REVIEW: Amelia

18 05 2010

Can I call BS on “Amelia?”  The movie claims to be inspired by two biographies written about female aviation pioneer Amelia Earhart; however, I have located the real source for the movie.

The movie is in fact derived from those cheesy inspirational poster that are plastered on the walls of workplaces and classrooms everywhere.  You know, the ones with the cat reaching for the ball of string on a high table with the caption “You Can Do It!”

“Amelia” is quite literally the biggest cliché I have ever seen.  I know that I use that word a lot in my reviews, but it has never been so dreadful as it is here.  Sometimes clichéd movies are bearable, other times just annoying; Mira Nair’s movie is laughable.  The dialogue is so uninspired that I found myself giggling at it.

The writing is the core of the problems, yet the movie doesn’t exactly help itself out.  The acting is cringe-worthy, led by two-time Oscar winner Hilary Swank as the titular character.  Despite playing a charismatic figure, she comes off as lifeless and dull.  However, those last two adjectives seem more fitting for Richard Gere and Ewan McGregor as her husband and lover, respectively.  Nair’s direction is unstable, and we are never sure if her portrait of Amelia is supposed to deify her or humanize her.  In my opinion, she’s better left as a legend.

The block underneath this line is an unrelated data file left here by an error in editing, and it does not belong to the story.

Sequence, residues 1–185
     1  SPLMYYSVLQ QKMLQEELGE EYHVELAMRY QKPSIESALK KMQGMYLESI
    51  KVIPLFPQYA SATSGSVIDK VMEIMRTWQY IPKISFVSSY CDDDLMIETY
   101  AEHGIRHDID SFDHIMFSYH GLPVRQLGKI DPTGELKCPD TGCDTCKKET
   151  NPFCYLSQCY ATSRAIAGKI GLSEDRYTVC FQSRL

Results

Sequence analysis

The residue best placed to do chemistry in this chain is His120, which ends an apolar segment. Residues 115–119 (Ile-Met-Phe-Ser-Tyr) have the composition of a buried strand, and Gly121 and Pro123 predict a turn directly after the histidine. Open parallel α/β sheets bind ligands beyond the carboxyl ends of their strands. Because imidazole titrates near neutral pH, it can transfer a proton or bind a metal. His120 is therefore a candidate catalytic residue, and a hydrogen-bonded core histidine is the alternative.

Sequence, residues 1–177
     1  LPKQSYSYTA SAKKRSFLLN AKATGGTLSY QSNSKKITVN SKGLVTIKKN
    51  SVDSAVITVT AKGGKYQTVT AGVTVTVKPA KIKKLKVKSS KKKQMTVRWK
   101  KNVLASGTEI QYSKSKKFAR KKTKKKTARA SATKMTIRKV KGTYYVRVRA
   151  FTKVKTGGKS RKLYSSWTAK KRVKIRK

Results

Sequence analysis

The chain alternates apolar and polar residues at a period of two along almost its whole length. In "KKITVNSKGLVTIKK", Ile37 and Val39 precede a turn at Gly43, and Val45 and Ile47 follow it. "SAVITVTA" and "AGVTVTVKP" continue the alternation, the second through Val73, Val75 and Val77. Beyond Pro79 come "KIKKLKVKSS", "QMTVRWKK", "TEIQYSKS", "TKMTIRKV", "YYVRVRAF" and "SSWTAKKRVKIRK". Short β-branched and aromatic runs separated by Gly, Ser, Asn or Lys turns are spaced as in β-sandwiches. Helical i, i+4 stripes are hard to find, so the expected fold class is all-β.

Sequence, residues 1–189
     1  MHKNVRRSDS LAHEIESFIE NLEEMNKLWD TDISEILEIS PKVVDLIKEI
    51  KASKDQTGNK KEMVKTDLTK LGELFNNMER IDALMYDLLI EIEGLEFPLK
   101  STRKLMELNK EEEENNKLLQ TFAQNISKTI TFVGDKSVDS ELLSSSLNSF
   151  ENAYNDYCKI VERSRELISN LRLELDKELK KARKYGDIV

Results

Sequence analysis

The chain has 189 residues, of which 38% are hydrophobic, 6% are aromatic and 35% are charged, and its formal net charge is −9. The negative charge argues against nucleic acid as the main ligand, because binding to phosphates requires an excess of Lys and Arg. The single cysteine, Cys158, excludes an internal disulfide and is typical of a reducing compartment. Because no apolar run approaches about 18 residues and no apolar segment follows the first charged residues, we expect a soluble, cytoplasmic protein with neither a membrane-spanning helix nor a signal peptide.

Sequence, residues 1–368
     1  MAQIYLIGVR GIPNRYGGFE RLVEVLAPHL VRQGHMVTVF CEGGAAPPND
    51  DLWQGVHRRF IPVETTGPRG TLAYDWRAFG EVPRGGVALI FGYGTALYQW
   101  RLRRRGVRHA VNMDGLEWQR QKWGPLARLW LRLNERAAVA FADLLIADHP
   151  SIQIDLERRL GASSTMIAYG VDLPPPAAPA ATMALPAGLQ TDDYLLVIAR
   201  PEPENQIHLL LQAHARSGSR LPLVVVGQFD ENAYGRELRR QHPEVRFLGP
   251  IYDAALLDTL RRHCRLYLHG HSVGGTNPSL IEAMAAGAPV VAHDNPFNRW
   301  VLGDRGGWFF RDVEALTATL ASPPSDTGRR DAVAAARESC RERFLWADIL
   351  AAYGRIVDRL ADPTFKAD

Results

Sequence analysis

The movie in itself serves as an argument against the dreaded “Oscar Bait” films which audiences believe are tailored to win Academy Awards.  According to my dictionary widget, one of the meanings of bait is “an allurement; a thing intended to tempt or entice.”  In that sense, it absolutely falls flat on its face.  “Amelia” is more likely to turn people away, not bring them in.  Another meaning, in the context of a fisherman, is “food used to entice fish or other animals as prey.”  In this context as well, it also fails.  When Fox Searchlight went fishing for voters with “Amelia,” they might as well have held up a sign that said “WE WANT OSCARS.”  No attempt is made to hide the real ambitions of this movie, and it stings all the more when it winds up as a bona fide flop. D /